Why “up there” means so much “down here.”
The ‘overview effect’ is common among astronauts, and anyone who has seen our world from outer space. Essentially, seeing the Earth from orbit, gives one a sense of the planet’s extraordinary beauty and vulnerability. Author Frank White first coined the term, ‘overview effect’ in 1987.
“There are no borders or boundaries on our planet,” said White, “except those we create in our minds or through human behaviors. All the ideas and concepts that divide us when we’re on the surface begin to fade from orbit and the moon. The result is a shift in worldview, and in identity.”
Captain Kirk Goes to Space!
Jeff Bezos, a big Star Trek fan, invited William Shatner to join him on Blue Origin’s second commercial space flight. How could the world’s most famous space captain pass up this opportunity? He accepted. And on October 13, 2021, at the age of 90, William Shatner became the oldest person to go to space.
Shatner was thrilled with the idea of “looking into the heavens…” In his book, Boldly Go, Shatner reflects on his experience with the ‘overview effect’ and his flood of emotions as he passed through the Karman line, sixty miles high, at the fringe of Earth’s atmosphere and outer space. It was the opposite of what he expected:
“I saw a cold, dark, black emptiness,” says Shatner. “It was unlike any blackness you can see or feel on Earth… I turned back toward the light of home. I could see… the white of the clouds and the blue of the sky. It was life. Nurturing, sustaining, life. Mother Earth. Gaia. And I was leaving her… I discovered that the beauty isn’t out there, it’s down here, with all of us. Leaving that behind made my connection to our tiny planet even more profound. It was among the strongest feelings of grief I have ever encountered. The contrast between the vicious coldness of space and the warm nurturing of Earth below filled me with overwhelming sadness.”
Do we really need to travel to space to grasp this 'overview effect' concept? For a moment, didn’t you imagine sitting there next to William Shatner, staring out the same window, feeling his grief of leaving Earth behind and his renewed sense of connection with our planet?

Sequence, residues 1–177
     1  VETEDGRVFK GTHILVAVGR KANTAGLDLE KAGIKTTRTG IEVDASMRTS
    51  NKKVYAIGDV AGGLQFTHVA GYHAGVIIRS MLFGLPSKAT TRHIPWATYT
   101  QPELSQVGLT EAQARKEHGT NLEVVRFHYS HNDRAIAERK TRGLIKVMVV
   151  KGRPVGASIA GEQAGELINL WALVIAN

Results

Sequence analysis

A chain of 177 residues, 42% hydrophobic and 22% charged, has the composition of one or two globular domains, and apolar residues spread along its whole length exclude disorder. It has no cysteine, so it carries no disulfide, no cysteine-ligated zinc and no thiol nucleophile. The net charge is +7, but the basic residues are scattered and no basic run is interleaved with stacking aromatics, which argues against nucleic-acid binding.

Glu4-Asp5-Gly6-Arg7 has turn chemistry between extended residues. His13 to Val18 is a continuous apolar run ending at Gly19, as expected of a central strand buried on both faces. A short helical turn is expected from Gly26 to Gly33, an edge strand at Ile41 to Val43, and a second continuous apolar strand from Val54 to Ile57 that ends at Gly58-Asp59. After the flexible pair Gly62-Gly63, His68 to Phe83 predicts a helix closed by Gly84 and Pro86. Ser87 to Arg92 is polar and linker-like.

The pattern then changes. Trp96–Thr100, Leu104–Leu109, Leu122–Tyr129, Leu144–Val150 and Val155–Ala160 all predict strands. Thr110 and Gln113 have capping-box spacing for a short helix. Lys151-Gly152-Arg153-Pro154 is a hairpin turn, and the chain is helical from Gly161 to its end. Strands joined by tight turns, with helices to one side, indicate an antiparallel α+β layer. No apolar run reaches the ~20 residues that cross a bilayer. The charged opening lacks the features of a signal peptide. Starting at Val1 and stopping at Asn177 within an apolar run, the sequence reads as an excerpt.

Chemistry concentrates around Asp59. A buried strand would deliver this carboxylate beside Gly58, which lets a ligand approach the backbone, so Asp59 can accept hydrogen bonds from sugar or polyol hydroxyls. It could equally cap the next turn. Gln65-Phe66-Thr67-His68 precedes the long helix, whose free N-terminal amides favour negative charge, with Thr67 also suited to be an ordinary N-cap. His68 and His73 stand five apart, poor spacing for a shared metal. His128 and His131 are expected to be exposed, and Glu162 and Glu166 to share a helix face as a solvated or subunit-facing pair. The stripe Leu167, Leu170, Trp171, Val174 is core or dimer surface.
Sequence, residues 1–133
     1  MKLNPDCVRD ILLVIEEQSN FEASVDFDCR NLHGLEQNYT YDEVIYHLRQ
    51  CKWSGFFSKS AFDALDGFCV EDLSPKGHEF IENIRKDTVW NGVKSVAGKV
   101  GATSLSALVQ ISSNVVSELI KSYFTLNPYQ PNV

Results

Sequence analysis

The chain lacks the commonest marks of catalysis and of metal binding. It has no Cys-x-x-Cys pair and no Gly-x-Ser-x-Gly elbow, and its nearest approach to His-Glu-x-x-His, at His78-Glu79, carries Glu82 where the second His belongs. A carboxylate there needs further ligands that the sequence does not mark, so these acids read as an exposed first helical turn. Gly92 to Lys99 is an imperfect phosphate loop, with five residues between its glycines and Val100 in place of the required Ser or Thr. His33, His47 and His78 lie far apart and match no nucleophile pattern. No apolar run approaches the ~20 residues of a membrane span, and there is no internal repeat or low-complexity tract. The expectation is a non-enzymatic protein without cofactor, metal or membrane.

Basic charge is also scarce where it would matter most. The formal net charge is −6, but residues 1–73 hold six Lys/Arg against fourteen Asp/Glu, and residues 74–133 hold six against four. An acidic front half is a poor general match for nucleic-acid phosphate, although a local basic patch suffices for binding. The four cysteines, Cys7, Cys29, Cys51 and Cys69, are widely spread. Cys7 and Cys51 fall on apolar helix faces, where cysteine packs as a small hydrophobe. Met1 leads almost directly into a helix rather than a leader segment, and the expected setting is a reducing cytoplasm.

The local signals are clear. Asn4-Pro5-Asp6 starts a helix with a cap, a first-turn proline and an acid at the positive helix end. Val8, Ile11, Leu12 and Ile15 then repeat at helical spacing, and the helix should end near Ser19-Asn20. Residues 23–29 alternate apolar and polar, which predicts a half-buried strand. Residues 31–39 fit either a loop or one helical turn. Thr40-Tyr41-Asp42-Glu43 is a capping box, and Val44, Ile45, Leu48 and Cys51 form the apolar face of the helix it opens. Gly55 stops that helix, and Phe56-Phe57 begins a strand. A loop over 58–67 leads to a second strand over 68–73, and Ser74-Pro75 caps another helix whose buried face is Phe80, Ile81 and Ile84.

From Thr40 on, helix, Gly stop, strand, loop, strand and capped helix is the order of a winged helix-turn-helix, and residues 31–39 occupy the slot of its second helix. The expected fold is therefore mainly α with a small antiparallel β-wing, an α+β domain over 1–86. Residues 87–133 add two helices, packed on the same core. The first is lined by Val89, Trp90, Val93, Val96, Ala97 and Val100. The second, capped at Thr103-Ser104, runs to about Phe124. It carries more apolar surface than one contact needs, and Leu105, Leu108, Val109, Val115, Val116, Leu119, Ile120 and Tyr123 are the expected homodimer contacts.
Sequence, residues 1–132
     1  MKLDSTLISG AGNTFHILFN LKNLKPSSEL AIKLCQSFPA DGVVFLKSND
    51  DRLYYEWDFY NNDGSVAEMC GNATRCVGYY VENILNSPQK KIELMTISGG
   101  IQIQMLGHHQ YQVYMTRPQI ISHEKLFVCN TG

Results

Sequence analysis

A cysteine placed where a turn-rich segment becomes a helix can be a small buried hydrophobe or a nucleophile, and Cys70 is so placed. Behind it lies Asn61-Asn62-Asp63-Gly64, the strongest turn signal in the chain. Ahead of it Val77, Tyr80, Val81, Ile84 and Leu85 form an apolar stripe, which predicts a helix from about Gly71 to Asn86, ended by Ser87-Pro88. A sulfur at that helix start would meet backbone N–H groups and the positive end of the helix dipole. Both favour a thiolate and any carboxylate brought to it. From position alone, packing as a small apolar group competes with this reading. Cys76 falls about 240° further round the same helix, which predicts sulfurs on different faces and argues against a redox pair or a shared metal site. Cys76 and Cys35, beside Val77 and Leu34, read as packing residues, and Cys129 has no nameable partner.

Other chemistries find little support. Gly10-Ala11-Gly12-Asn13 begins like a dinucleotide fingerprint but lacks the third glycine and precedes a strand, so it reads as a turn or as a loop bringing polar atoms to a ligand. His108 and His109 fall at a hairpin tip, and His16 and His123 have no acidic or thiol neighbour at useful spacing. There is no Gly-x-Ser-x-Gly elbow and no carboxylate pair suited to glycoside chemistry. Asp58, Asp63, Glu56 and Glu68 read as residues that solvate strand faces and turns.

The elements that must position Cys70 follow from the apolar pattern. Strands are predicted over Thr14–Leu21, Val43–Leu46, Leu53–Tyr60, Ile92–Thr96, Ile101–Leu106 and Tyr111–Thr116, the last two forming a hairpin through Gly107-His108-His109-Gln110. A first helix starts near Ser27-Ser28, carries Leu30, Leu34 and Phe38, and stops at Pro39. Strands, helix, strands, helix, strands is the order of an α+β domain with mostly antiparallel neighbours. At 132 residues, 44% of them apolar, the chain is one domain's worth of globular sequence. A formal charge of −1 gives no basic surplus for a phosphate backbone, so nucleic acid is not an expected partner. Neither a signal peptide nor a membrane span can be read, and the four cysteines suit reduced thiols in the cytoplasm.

Astronomer Carl Sagan put things in perspective in his book, Pale Blue Dot, demonstrating the “folly of human conceits… and underscoring our responsibility to deal more kindly with one another, and to preserve and cherish the pale blue dot, the only home we’ve ever known.”
“That’s here,” says Sagan, “That’s home. That’s us. On it, everyone you love, everyone you know, everyone you ever heard of, every human being who ever was, lived out their lives. The aggregate of our joy and suffering, thousands of confident religions, ideologies and economic doctrines, every hunter and forager, every hero and coward, every creator and destroyer of civilization, every king and peasant, every young couple in love, every mother and father, hopeful child, inventor and explorer, every teacher of morals, every corrupt politician, every ‘superstar,’ every ‘supreme leader,’ every saint and sinner in the history of our species lived there – on a mote of dust, suspended in a sunbeam.”
Astronauts, space travelers, and astronomers remind us how breathtakingly beautiful and fragile our Earth is, and how grateful we should be to be here on this tiny blue speck in the universe.
“We have one gift,” says Shatner, “that other species perhaps do not: we are aware—not only of our insignificance, but the grandeur around us that makes us insignificant. That allows us perhaps a chance to rededicate ourselves to our planet, to each other, to life and love all around us. If we seize that chance.”
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